How airlines' cargo business can earn better yields by applying AI, ML
India currently has 3 mn tonnes of air cargo annual throughput and the gov has set up a target of 10 million by 2030.
As a capital intensive industry, air cargo needs to innovate SOPs and optimise operations to stay in the business. It is particularly important when the market is moving through a rough and volatile period in history. Thus any technology that can reduce the complexity and cost would see a high adoption rate. AI, ML and data visualisation have already proved not just in managing the cargo business for airlines but also in improving their yields.
In the recently concluded annual event of Air Cargo Forum India (ACFI), union minister of civil aviation Jyotiraditya Scindia emphasised that the growth potential for air cargo in India is tremendous and he is certain that India will emerge as a global air cargo player in the coming years.
India currently has close to 3.1 million tonnes of air cargo annual throughput and the government has set up an ambitious target of 10 million by 2030.
"We will develop a hub and spoke arrangement and build transhipment hubs across India. Giving a boost to the agri sector, we are targeting 53 cargo terminals connecting airports with agriculture farmlands for the transport of perishable commodities. So now, green shoots from Assam or Tripura's jackfruits can travel to London and Germany rather than only being consumed internally in Kolkata, Hyderabad, Chennai, etc," he said.
Indeed, cargo has proven itself to be a key revenue generator for Indian airlines in the chaos of the global pandemic, and now the stage is set for air cargo to grow into India's globalized future. However, the industry is plagued with many inefficiencies and challenges, which would keep itself away from the potential it has. One way to solve this is by looking into technological solutions.
"High dwell times, congested cargo terminals, sub-optimal use of belly cargo capacity, missing/damaged non-traceable cargo, and manual processing are potential for AI and ML in the immediate future. Autonomous trucks/aircraft and AI-powered robots are a few of the long-term future in India," says Sabari Ramnath, industry expert of freight logistics solutions, Unisys.
He has no doubt that it will transform the Indian air cargo industry, however, he warns that the future depends on how our business leaders look through the AI/ML lenses to identify new business models and new revenue sources and bring in critical efficiencies.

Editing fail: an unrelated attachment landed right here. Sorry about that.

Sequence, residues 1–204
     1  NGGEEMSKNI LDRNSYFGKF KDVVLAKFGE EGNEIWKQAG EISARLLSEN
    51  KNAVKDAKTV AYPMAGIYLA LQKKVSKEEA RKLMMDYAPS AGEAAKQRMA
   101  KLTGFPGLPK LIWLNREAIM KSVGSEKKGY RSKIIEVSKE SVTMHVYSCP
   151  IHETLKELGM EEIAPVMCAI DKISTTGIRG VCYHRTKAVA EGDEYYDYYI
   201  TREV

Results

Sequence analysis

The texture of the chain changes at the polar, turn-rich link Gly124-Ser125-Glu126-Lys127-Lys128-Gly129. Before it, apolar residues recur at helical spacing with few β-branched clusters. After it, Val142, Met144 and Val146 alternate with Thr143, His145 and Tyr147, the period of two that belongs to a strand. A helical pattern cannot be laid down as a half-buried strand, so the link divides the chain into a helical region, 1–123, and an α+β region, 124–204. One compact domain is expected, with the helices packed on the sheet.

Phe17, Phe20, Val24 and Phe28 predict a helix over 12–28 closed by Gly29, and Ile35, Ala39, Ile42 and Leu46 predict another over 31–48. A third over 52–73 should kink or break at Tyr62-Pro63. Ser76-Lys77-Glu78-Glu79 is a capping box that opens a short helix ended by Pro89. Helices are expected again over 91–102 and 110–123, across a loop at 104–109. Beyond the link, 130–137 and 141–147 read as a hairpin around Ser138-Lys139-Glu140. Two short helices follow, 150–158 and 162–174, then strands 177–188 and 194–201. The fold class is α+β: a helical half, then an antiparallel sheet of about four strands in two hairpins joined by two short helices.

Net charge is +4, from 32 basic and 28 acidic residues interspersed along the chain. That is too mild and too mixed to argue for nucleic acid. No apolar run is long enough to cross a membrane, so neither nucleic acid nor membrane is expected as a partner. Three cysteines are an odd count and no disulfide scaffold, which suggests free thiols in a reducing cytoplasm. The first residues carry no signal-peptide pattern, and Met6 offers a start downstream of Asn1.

Amar More, chief executive officer, Kale Logistics Solutions, perceives technology as the key that will unlock the Indian air cargo industry's growth rate.
"With the digital impetus coming from the government like Gati Shakti, National Air Cargo Policy, airport digitization, and cargo modernization, technologies like AI, BL, blockchain, data will form the augmented ring for this industry," he said.
Ashok Rajan, senior vice president head – cargo logistics business, IBS Software, reports that these technologies are evolving at an extremely fast pace and the immediate trend that he can see is the "democratization" of such technologies.
"Traditionally, such cutting edge capabilities were only accessible to large businesses with massive resources. This scenario is quickly changing and will continue to change in the coming years, making these tools more and more accessible to any size of business," he said.
The business of air cargo demands investments in aircraft, equipment, or other fixed assets which represent a sizable expense. Thus airlines need to optimize their operations to reduce costly inefficiencies. Artificial intelligence (AI) and machine learning (ML) can enable air cargo to increase visibility, make improvements, be more efficient and do informed decision-making.
High dwell times, congested terminals, sub-optimal use of belly capacity, missing/damaged non-traceable cargo, and manual processing are potential for AI and ML.
Sabari Ramnath, Unisys
Why should airlines invest more in AI and ML?
Among the varied uses of AI, More notes that it has already proven to be useful, "especially in making predictions."